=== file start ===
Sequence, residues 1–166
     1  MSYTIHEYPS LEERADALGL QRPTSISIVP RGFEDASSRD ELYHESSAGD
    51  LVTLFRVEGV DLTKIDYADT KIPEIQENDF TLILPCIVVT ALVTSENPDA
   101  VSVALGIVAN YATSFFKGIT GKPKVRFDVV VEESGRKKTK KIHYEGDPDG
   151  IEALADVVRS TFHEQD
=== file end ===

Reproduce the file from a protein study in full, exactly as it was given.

Sequence, residues 1–166
     1  MSYTIHEYPS LEERADALGL QRPTSISIVP RGFEDASSRD ELYHESSAGD
    51  LVTLFRVEGV DLTKIDYADT KIPEIQENDF TLILPCIVVT ALVTSENPDA
   101  VSVALGIVAN YATSFFKGIT GKPKVRFDVV VEESGRKKTK KIHYEGDPDG
   151  IEALADVVRS TFHEQD